“In recent days I have seen new scientific data from recent outbreak investigations showing that that Delta variant behaves uniquely differently from past strains of the virus that cause Covid-19,” Walensky said, also noting, however, that the CDC believes vast majority of transmission is occurring in unvaccinated people and through unvaccinated people.
While so-called “breakthrough” cases among the vaccinated can happen, the odds are very good that the person’s outcome will be much better than if they hadn’t been vaccinated, said UAB’s Dr. Jeanne Marrazzo said Monday.
The CDC’s change mirrors recommendations last week from the The American Academy of Pediatrics that all in K-12 schools should wear masks. Huntsville City Schools on Monday announced a mask mandate for staff and students older than 2, but systemwide mask mandates in Alabama are sparse.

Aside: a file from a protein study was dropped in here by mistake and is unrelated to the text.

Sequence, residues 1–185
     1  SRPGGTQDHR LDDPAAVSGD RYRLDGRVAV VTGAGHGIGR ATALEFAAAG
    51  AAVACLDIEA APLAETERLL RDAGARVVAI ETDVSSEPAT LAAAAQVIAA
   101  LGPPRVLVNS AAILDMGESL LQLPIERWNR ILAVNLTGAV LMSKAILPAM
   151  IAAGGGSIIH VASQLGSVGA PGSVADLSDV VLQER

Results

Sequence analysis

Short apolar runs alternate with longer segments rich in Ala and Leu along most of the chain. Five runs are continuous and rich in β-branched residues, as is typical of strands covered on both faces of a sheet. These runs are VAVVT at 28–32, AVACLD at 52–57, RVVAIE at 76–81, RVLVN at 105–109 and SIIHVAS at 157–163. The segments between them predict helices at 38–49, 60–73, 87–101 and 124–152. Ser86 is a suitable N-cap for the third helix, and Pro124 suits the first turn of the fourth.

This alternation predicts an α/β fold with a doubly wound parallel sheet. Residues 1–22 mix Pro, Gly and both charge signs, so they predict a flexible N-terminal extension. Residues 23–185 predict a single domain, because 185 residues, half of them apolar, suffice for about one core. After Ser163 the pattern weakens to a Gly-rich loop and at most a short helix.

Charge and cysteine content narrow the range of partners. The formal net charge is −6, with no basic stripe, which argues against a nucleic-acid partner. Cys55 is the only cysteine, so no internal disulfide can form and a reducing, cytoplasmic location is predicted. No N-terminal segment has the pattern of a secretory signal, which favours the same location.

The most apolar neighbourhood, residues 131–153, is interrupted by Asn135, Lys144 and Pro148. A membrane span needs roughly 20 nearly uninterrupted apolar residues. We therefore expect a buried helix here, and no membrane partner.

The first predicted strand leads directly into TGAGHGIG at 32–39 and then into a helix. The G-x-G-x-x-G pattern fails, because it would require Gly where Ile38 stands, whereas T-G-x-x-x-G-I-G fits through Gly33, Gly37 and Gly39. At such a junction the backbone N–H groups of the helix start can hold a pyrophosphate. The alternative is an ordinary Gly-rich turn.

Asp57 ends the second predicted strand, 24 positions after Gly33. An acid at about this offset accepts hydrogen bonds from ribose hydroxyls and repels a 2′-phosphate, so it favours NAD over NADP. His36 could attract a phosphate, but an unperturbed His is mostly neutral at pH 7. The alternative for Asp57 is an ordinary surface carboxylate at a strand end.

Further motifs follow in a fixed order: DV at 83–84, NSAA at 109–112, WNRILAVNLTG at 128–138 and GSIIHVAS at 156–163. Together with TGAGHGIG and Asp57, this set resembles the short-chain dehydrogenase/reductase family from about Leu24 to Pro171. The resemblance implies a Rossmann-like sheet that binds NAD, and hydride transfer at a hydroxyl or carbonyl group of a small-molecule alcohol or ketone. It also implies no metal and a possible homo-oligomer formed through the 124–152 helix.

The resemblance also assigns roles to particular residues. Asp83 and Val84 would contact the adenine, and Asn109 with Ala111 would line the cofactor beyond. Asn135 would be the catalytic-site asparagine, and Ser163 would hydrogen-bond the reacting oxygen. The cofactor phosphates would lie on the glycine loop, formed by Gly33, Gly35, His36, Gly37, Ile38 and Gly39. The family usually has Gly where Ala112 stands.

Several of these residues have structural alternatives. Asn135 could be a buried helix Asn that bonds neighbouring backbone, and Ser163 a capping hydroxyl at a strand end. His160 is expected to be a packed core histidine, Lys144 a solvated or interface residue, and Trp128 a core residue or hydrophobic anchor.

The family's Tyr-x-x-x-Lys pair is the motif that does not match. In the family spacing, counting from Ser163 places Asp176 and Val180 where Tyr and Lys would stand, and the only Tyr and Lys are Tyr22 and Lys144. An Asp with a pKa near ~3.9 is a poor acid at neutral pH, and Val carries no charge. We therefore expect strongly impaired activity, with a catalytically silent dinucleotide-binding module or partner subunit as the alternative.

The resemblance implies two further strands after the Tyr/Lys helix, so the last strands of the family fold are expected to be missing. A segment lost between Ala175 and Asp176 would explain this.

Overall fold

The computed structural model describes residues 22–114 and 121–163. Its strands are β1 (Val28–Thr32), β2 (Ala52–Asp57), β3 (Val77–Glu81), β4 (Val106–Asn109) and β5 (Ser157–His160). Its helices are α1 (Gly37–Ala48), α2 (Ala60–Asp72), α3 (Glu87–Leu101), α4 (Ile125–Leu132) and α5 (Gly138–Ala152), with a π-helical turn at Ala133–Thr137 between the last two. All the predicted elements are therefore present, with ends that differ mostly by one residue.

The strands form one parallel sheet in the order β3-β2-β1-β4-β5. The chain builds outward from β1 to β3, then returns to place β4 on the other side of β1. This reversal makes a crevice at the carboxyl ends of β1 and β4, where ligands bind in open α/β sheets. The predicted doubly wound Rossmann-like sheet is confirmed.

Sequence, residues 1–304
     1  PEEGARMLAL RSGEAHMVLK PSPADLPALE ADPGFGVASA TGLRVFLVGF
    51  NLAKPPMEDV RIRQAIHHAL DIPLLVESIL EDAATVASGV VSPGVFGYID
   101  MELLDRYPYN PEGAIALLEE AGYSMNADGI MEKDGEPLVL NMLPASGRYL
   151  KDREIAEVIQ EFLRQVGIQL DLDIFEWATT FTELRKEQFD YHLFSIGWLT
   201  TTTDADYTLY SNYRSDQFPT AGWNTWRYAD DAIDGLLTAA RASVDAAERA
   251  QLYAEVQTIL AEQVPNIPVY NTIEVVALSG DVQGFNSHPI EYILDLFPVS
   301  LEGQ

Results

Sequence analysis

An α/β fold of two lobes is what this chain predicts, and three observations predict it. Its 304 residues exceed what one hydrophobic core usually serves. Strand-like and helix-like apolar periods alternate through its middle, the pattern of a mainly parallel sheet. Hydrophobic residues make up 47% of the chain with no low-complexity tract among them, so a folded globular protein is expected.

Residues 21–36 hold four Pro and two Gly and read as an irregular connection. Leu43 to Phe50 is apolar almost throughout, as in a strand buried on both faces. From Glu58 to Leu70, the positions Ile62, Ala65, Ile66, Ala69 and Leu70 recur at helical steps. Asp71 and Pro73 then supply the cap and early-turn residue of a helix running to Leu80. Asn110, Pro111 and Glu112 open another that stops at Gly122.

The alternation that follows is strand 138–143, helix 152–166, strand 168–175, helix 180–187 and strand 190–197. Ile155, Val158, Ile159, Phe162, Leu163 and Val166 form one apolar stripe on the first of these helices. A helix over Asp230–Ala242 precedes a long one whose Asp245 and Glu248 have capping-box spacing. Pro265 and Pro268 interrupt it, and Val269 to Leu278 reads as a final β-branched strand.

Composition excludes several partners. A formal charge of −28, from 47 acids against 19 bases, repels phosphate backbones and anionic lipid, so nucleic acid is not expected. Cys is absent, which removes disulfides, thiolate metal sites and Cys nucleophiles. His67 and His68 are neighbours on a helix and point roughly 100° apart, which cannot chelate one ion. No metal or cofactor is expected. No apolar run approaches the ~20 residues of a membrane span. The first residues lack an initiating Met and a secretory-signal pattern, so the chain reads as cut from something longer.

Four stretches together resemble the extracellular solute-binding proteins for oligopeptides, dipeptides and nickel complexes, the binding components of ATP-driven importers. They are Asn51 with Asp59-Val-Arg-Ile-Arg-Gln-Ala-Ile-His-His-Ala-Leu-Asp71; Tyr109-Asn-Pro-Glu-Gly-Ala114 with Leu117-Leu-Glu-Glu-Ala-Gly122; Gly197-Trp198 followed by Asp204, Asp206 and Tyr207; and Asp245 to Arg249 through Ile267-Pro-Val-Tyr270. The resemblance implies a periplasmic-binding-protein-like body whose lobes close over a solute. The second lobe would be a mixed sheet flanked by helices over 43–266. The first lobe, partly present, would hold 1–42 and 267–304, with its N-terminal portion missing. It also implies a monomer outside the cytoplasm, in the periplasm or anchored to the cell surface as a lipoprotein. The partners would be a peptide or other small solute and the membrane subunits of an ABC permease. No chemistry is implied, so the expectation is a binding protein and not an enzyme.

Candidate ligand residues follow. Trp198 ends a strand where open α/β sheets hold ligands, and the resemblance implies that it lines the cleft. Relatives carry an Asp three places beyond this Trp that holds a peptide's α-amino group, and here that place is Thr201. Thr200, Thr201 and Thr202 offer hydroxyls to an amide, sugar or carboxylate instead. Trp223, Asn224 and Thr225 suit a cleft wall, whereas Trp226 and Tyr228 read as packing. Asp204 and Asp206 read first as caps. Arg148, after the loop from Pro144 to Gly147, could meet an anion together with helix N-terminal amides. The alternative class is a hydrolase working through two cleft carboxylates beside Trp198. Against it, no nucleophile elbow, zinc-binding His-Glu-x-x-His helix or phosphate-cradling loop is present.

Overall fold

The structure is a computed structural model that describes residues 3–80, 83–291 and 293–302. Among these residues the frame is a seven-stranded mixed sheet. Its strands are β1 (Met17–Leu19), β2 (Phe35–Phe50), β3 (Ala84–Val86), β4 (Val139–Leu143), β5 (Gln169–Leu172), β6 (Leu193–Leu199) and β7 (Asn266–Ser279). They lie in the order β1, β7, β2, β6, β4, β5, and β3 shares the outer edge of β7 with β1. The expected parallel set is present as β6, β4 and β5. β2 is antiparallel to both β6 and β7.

Despite the unlikelihood of a statewide mask mandate, Harris said masks for both the unvaccinated and vaccinated “makes a whole lot of sense,” especially for the older and for those with underlying health conditions.
Harris said with schools about to reopen, he believes it’s inevitable that there will be outbreaks, and said while masks in schools are controversial “they really shouldn’t be.” Masks are an effective way to prevent disease transmission, he said, but the state won’t be requiring them in schools.
“Ultimately, those decisions are going to be left on school boards,” Harris said. “Those decisions aren’t going to be made by the state.”
Asked by APR if the state’s guidance to school will be updated to reflect the CDC’s changes regarding universal masking in schools, Harris said the changes are very likely to be made in the state’s COVID-19 “toolkit” recommendations for K-12 schools.